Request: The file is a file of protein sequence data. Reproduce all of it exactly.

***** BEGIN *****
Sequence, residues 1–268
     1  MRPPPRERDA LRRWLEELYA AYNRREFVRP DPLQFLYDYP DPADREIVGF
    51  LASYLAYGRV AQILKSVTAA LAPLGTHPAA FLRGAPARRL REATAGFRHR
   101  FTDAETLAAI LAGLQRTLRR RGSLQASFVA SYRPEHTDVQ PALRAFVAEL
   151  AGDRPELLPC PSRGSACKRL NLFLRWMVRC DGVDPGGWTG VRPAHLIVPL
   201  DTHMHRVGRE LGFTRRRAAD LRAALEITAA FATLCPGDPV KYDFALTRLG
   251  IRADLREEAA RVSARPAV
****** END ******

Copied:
Sequence, residues 1–268
     1  MRPPPRERDA LRRWLEELYA AYNRREFVRP DPLQFLYDYP DPADREIVGF
    51  LASYLAYGRV AQILKSVTAA LAPLGTHPAA FLRGAPARRL REATAGFRHR
   101  FTDAETLAAI LAGLQRTLRR RGSLQASFVA SYRPEHTDVQ PALRAFVAEL
   151  AGDRPELLPC PSRGSACKRL NLFLRWMVRC DGVDPGGWTG VRPAHLIVPL
   201  DTHMHRVGRE LGFTRRRAAD LRAALEITAA FATLCPGDPV KYDFALTRLG
   251  IRADLREEAA RVSARPAV